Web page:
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You can bank on GeoIP blocking to help stop DDoS attacks

In Blog post by Clavister Blog Staff0 Comments

Online banking services at the major UK bank, Lloyds, were intermittently disturbed over a two-day period recently. At various times, different sets of customers were unable to access their accounts.  However, no sensitive data was accessed, and no funds were stolen.  On the scale of damaging cyberattacks, it didn’t appear to be too problematic. But the outward calm masked frenetic activity behind the scenes, in Lloyds’ IT security team, as the service interruptions were due to a massive distributed denial of service (DDoS) attack, part of a broader campaign by a sophisticated gang of cybercriminals. Halifax and Bank of Scotland were also targeted.  By flooding the banks’ computer systems with …

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Password protected?

In Blog post by Clavister Blog Staff0 Comments

Ask the average person in the street for a basic element of cybersecurity and ‘passwords’ will likely come up pretty quickly. If you press them to explain what a ‘strong’ password is, and even the least computer literate tend to have an understanding of the importance of choosing hard-to-guess options, containing a mixture of characters, and of not reusing the same password between different accounts. However, ‘understanding’ is not the same as ‘practicing’, however. And new research has revealed that many people are still using predictable, easily-guessed or otherwise weak combinations. According to the research, the top passwords of 2016 were ‘123456’, ‘qwerty’ and ‘111111’, with more than half of …

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Fake news – but real threats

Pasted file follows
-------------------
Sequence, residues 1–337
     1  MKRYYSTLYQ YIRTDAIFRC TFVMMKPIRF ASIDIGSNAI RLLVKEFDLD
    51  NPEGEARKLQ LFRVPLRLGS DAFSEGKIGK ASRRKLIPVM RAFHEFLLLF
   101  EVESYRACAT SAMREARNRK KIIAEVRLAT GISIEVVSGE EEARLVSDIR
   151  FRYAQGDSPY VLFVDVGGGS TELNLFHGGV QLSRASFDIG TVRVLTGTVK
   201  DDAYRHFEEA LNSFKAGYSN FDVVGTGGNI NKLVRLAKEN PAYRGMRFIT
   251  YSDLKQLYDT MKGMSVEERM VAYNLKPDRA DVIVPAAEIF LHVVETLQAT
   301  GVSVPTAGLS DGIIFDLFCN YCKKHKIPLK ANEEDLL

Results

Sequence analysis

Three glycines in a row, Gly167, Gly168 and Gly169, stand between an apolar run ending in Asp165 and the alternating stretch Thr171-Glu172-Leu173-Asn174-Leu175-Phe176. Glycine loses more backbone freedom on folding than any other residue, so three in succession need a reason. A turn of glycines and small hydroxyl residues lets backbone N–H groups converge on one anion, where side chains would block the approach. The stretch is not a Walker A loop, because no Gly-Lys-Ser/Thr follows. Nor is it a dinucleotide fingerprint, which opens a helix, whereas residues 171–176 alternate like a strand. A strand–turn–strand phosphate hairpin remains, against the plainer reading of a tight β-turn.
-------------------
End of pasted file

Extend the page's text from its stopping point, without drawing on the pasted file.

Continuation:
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Russian agents have launched a cyberattack on the power grid in the US!  That was the message of a somewhat alarming news story that recently hit the headlines.  As Reuters put it, ‘malware associated with Russian hackers has reportedly been detected within the system of a Vermont electric utility.’  Yet days later, the story was debunked as something of an exaggeration. Far from being a sophisticated, deliberate cyberattack, it seems that an employee at the Burlington Electric Department simply logged on to check his email and connected to a potentially suspicious IP address – an IP address that is not always linked with malicious activity anyway. So we can all …

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Why fee?

In Blog post by Sam Coleman0 Comments

As WiFi explodes in use and points of access, the challenge becomes how to secure users, manage data flow and even how to go from free to fee. Naturally, our world is defined by connectivity: we live and work on our broadband or 4G networks, our devices have become the steering wheel to drive on these digital fast lanes. But consider those roads for a moment. You have a mobile lane, a fast and untethered high speed freeway which gives the maximum convenience as it’s on your device, the signal spread over base stations through 4G (and soon 5G). But that convenience comes at a price (literally) as well as …

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Joining forces to protect the Internet of Things

In Blog post by Clavister Blog Staff0 Comments

Being at the cutting edge of technological development and working closely with partners to drive innovation has always been a top priority for Clavister – especially in the Internet of Things (IoT) space.  We’re one of the founding and contributing partners for Intel’s IoT Innovation Centre in Stockholm, which opened in 2014. The ever-expanding IoT is changing the technology industry at an amazing pace. The analyst IHS has predicted that the number of devices connected to the IoT ecosystem will grow from 15.4 billion in 2015 to an enormous 30.7 billion in 2020. It’s no surprise, then, that organizations across a range of sectors are joining forces and collaborating to …

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Another shot across the World War 3.0 bow?